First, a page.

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Has anyone done an on-line TOFL qualification?

(17 Posts)
RuthChan Sat 08-Oct-11 20:26:46

I have been an EFL teacher for 12 years now.
However, in the very beginning I was trained by a private company and have never taken a formal qualification.

I am now quite interested in taking a course and getting a qualification just to have one in addition to my teaching experience.

I see that there are many on-line courses that are cheaper and more flexible than other types of courses.
These would suit me very well, but are they worth doing and are they accepted by anyone?

Has anyone ever done one? What were you experiences?

RuthChan Sat 08-Oct-11 20:38:14

Sorry, I meant to ask about TEFL qualifications!!!

thepanamacanal Mon 10-Oct-11 23:35:45

The CELTA / Trinity certificates are a good starting point and are widely recognised in the UK and overseas. Whatever you do, look for at least 100 hours' input time, 6 hours of observed teaching practice and a course which is externally validated ie supported by a college, university or exam board (such as Cambridge / Trinity). There are many courses which don't have these elements or are not externally validated, so employers may not recognise them and you'd be wasting your money.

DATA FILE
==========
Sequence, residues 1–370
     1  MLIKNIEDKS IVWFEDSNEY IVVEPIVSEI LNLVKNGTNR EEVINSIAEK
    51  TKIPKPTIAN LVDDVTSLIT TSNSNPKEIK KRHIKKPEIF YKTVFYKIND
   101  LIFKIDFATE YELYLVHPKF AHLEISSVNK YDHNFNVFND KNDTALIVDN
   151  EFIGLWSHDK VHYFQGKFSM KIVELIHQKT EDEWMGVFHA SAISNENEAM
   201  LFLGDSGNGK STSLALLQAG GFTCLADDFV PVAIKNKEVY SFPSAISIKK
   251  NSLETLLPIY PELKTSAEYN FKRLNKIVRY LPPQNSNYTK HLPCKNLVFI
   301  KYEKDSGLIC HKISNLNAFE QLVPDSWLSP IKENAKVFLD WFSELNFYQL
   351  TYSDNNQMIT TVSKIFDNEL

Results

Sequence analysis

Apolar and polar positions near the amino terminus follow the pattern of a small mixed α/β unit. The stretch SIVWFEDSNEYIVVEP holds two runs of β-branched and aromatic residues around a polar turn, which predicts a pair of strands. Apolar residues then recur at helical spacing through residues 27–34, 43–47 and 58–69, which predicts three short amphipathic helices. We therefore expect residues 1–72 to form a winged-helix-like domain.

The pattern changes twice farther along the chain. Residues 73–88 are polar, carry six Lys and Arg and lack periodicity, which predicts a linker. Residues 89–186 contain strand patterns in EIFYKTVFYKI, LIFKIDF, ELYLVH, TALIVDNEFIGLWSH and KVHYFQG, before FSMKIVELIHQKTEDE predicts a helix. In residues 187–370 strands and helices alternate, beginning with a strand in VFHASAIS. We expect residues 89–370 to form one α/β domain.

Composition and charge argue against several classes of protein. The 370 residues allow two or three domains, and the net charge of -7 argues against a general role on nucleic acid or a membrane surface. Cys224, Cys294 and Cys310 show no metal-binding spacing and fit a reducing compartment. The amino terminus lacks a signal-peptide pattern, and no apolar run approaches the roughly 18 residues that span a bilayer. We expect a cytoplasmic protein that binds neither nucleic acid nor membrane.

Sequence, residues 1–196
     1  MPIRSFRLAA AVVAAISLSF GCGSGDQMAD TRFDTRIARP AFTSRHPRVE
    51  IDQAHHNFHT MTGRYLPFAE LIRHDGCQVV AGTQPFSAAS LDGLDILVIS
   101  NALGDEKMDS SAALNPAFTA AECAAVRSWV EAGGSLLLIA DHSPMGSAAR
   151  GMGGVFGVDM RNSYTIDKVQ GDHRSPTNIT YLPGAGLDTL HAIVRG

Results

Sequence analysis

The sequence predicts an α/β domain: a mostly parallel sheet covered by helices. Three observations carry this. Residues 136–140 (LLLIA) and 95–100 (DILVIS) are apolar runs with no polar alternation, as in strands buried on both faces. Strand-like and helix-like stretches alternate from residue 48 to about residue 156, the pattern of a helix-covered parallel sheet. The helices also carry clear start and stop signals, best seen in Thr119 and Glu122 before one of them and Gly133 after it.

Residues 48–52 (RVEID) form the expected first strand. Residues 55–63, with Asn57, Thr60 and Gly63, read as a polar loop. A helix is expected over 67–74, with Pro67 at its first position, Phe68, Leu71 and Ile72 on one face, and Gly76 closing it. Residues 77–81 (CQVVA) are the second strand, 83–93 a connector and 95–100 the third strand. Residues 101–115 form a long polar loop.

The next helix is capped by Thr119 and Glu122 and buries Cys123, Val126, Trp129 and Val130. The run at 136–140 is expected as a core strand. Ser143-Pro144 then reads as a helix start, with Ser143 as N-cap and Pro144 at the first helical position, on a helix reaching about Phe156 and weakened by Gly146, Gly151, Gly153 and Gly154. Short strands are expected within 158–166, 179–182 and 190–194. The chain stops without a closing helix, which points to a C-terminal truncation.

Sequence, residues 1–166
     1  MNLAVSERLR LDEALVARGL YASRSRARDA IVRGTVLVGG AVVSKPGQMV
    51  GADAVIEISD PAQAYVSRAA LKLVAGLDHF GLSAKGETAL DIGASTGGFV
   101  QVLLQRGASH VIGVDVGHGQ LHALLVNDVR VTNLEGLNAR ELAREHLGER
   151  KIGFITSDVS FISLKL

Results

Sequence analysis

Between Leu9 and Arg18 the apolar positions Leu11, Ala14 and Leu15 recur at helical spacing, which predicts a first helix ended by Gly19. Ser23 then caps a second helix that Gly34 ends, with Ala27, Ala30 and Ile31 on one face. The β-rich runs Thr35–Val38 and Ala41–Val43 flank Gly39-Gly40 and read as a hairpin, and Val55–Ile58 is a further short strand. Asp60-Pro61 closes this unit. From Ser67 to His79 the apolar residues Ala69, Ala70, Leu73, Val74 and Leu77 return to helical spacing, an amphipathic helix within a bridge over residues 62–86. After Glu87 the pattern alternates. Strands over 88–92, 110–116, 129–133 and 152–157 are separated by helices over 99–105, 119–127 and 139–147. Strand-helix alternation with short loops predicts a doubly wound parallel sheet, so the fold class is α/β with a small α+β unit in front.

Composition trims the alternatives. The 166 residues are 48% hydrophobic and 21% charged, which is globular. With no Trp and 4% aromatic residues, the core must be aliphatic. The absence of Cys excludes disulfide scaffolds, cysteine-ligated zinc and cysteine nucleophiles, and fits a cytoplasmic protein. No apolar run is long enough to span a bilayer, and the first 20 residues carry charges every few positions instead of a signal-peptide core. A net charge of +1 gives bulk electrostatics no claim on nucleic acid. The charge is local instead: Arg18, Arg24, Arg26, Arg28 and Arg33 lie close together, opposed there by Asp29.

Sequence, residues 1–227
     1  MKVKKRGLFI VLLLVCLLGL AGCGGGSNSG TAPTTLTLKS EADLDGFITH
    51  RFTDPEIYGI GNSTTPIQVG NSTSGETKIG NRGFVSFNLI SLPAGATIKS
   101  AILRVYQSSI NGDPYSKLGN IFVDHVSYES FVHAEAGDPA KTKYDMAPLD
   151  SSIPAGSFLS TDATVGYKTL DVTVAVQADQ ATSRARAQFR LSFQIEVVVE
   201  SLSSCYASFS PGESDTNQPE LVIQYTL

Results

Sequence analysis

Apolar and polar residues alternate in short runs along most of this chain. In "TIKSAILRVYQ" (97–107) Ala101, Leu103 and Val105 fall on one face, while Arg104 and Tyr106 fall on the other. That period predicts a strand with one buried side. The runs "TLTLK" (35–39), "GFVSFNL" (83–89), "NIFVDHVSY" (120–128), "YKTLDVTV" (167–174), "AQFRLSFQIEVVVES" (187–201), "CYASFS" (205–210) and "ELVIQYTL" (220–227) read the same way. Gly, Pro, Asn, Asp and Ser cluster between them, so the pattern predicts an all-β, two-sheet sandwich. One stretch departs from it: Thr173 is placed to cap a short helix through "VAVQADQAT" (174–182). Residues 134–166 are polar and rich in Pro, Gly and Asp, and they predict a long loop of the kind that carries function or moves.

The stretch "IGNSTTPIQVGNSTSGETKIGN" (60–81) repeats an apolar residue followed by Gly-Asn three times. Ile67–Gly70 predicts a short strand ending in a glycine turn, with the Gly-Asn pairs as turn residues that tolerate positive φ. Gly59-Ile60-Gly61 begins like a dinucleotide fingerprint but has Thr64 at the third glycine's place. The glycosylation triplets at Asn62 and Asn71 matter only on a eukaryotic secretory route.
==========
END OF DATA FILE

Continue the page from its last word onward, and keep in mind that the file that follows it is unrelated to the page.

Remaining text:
However, if you've been teaching for 12 years you might be able to go straight to the DELTA / Trinity Dip. The DELTA can be done as a distance option if you can find a local tutor. It is expensive and hard work but I really enjoyed it and learned a lot from it. As a former DoS, I also used to see a lot of job applications from people with CELTA or similar, but not the DELTA, so it would probably make you more employable.

Where do you work and what do you normally teach, or what are you aiming to get into?

fraktious Tue 11-Oct-11 09:02:53

I would go for the DELTA. I'm looking at doing it next year (eek) and it looks scary but really worth it.

I have the advantage of having done a course but less experience (coming up to 4 years) so with 12 you should be fine and might even find a CELTA (or equivalent) boring.